Do you ever feel like there’s an devil on your shoulder convincing you to spend money?
I’m not sure if it’s the same devil who says ‘yes, you need another shot at 1am’, or just a close relative of hers.
Either way, these evil little goblins like to ruin your bank account or your Sunday morning. But we don’t have to give in to them every time.
There are ways to tame the devil on your shoulder when it comes to spending.
Mindful spending is where you think about what’s important to you or brings you the greatest pleasure. For example, I spend an outsize amount on fitness because it makes me happy and is good for me. But I don’t buy designer clothes or eat at expensive restaurants. I give myself permission to spend on the priority.
This is not the same as the ‘treat yo’self’ mentality. Buying an expensive pair of shoes is only mindful if you’ve previously decided that it’s part of your Mindful Spending Manifesto. You’ve accepted that expensive shoes make a positive difference to your life, and you’ve cut back on something else to allow for it.
Something that seems to permeate our culture is a sense of helplessness in the face of spending. Yes, shops are good at marketing. Yes, we all have moments of weakness. But unless you have a legit mental addiction (in which case, you should be in treatment), managing our spending should be something we work on with the same fervour as we work on our diets.
So, if you love expensive shoes, don’t go into that shop. If you overspend on boozy nights out, don’t take your card with you – make a cash budget and stick to it. If you can’t be trusted on the ASOS website, don’t click into their newsletter – which brings me to the next point…
2 – Reject reminders – I’ve heard two different people say recently that their worst habit is getting a newsletter from their favourite store, then splurging as a result. “It’s my weakness”.
Well this might sound obvious, but how about you unsubscribe? I’ll admit, these stores are clever. You can’t go to any e-commerce site these days without being offered ‘15% off for subscribing to our newsletter‘. What a bargain you say!
Sure, give them your email and get the coupon. But that’s it! No more. As soon as their welcome email hits your inbox, hit that ‘unsubscribe’ button faster than a Kylie Jenner lipstick sells out.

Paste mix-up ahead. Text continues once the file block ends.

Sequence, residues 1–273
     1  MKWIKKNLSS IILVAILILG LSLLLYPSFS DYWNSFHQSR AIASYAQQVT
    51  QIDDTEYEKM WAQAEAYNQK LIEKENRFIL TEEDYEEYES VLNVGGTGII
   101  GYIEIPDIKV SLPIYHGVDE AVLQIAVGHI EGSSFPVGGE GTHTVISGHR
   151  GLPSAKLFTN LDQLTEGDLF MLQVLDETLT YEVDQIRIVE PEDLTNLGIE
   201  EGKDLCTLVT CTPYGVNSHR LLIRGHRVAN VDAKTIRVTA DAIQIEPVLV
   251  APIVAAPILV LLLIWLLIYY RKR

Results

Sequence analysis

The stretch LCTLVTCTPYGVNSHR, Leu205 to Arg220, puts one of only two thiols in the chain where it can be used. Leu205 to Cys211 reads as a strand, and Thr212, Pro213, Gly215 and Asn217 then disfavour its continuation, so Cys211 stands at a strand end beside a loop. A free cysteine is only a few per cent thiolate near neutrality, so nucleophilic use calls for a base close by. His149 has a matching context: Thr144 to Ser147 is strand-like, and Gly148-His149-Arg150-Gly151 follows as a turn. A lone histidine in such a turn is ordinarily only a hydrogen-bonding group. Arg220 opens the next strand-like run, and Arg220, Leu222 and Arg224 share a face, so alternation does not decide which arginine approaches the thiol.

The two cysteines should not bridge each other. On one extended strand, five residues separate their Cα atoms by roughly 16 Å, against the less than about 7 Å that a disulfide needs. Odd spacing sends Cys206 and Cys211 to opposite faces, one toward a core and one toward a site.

And if you’ve already got a bunch of these emails hitting you up, then spend 10 minutes – right now – getting them out of your life.
While you’re at it, you probably need to unfollow them on Instagram too. I know, I’m mean. But will your life really be worse because you haven’t been invited to ‘shop the new season look‘?
3 – Get off the spending merry-go-round – AKA: avoid recurring costs.
I love a Shellac manicure with all my heart. Those colours! That staying power! But I have no Shellac in my life anymore, because that shit is a revolving door of gel polish, UV light and acetone baths.
Even if you just want it for an event, you have to go back a few weeks later to get it taken off. And then while you’re there, you may as well get a new colour … and then boom! You’re back on the spending cycle. (And the impact of acetone baths on one’s health is also kinda questionable).
The same can be said for a lot of hair and beauty treatments, but also things like those ridiculous subscription boxes. Like, you really need a box of random beauty products every month? Puhlease. Tell those charlatans who’s in charge of your spending, thank you very much. (Hint: it’s you)
4 – Get smarter than the finance companies – One of the wonders of modern life is how it thinks up new ways to make you buy shit you don’t need. We’ve moved on from the old-skool credit card.
Now, we have Afterpay and zipMoney. Sure you don’t pay interest (although there can be late fees). But it takes a purchase that’s otherwise unaffordable or ill-advised, and puts it within your reach.
It breaks down the mental barrier of ‘my cashflow can’t deal with this‘.
So my advice here is simple: don’t use them. Don’t sign up to them. Don’t create an account (or cancel the one you have).
At the very least, give yourself 24 hours to consider a purchase using it. You’ll be surprised how often you change your mind.
Another trap is the credit card balance transfer. ‘Move your debt to us‘, the banks say. ‘Pay no interest!‘, they say. And you think ‘right, this is the time when I stop adding to the balance and pay off all my debts’.
If that actually happened, these things wouldn’t exist. It’s a trick. You sign up and spend more.
If you really are paying a lot of credit card debt off, and being slugged with interest, you get ONE GO of moving to a no-interest card. Then you ditch it. Freeze it, stash it with your parents, hide it somewhere. Whatever you do, don’t give yourself room to add to that card – all you’re allowed to do is pay it off.
And that, my friend, is how to slay the devil on your shoulder.
Photo credit: https://www.flickr.com/photos/devignelements/